The ride in Bowling Green will make a brief stop for cyclists to reflect at First United Methodist Church, the church Eric Ramlow attended.
Mr. Ramlow, 53, was killed Jan. 6, 2016, when he was struck from behind by a sport utility vehicle while riding on Sand Ridge Road between Bowling Green and Weston.
A white “ghost bike” will be placed at the church to pay homage to Mr. Ramlow.
Edward Metzger, who rode his elliptical bicycle with Mr. Ramlow the day he was killed, said he will ride in his friend’s memory to make a statement to motorists that the bike rider in front of you is a human, not just a cyclist.
“A message needs to get out that people need to know that it doesn’t matter how busy you are or what you got going, safety has got to come first,” said Mr. Metzger, who worked with Mr. Ramlow. “Motorists just need to be more cautious and concerned when they are driving. We need to slow down and think about safety first.”
Victims of other fatal crashes will be honored by riders pausing the procession to reflect at several locations, including Ottawa Hills High School, where David Larabee was a teacher, and ProMedica Toledo Hospital, which was associated with Dr. Snedden.
Among the participants in the Toledo silence ride will be Susan Santoro, who lost her husband, Thomas, on May 20 in a bike-truck accident while on vacation in Los Angeles. This will be her first silence ride.
She said she and her husband had talked about participating in the Toledo ride but were either out of town or had other things going on.
She said she knows about the powerful message the ride can convey without saying a word.
“This is not a social event. The Ride of Silence is to remember Tom and every bicyclist who have lost their lives in accidents,” she said. “We need to remind people that motorists need to share the road.”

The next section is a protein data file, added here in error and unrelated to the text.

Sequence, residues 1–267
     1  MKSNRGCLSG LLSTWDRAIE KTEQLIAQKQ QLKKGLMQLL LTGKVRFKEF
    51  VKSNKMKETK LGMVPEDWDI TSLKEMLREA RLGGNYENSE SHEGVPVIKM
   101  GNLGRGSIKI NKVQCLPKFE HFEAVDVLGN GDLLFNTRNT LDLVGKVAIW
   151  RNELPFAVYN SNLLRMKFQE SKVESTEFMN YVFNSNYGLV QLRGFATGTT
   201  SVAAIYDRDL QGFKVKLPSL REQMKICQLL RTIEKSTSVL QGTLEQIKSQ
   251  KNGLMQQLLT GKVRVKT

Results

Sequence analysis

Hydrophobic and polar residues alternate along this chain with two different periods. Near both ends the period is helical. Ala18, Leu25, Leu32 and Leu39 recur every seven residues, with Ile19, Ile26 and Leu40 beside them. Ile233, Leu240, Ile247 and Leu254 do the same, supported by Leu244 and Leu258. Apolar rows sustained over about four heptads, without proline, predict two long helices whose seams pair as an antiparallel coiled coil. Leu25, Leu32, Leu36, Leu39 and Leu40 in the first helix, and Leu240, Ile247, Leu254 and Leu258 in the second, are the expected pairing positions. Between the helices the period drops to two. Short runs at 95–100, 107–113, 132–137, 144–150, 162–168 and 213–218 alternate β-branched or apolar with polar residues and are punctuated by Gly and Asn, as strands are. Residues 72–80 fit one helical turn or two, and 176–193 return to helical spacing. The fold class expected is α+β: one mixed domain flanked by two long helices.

Cyclists also will ride in memory of Sierah Joughin, 20, of the Metamora area who was abducted July 19 while bicycling in rural Fulton County and later murdered.
The Ride of Silence is among many events locally to celebrate Bike Month, which was established in 1956 by the League of American Bicyclists.
The Toledo Metropolitan Area Council of Governments is coordinating activities and events to encourage and promote bicycling, including Bike to Work Day on Friday and Saturday’s Bike Day at the Toledo Farmers’ Market.
The 2017 Bike Month T-shirts are to be given away at the outdoor market on Superior Street and people can take their bicycles to have workers from local bicycle co-op Toledo Bikes do repairs and tune-ups.
Also, the Toledo Area Regional Transit Authority will charge a reduced, 25-cent fare through May 21 for passengers who use local buses’ bike racks.
Toledo Bikes, at 1114 Washington St., is hosting workshops from 2 p.m. to 3:30 p.m. on Sundays in May.
Clinics include basic bicycle maintenance and repair and instructional information about safe riding and bike handling in traffic.
More information on Bike Month is at: tmacog.org/bikemonth.
Contact Mark Reiter at: email@example.com or 419-724-6199.